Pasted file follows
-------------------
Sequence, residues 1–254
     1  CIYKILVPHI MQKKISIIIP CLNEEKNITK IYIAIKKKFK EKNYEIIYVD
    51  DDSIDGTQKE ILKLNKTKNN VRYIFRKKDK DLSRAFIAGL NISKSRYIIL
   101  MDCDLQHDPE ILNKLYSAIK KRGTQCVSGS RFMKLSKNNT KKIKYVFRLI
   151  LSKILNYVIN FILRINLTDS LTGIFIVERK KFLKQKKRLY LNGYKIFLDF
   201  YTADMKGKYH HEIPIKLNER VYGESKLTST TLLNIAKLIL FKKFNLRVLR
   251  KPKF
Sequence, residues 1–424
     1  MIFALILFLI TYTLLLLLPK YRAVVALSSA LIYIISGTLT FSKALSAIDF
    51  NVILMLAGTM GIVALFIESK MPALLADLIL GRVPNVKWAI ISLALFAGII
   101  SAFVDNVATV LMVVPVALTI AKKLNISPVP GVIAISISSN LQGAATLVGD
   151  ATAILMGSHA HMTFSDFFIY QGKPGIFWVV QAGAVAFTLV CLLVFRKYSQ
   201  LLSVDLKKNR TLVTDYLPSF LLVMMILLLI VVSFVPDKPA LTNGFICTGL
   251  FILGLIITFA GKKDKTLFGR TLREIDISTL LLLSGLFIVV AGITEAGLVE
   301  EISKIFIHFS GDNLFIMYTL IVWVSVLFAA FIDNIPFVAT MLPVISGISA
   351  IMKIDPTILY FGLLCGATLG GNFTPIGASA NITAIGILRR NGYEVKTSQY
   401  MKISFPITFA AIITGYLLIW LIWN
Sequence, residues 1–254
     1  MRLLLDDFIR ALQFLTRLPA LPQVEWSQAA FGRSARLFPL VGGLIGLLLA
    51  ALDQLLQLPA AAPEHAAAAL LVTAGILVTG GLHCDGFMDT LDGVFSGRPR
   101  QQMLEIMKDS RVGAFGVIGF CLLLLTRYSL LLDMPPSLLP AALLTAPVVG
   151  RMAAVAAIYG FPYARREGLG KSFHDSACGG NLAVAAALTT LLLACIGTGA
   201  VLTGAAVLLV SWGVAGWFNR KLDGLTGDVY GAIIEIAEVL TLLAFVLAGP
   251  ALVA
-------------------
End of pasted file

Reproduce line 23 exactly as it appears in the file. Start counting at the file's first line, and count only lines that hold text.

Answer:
   201  VLTGAAVLLV SWGVAGWFNR KLDGLTGDVY GAIIEIAEVL TLLAFVLAGP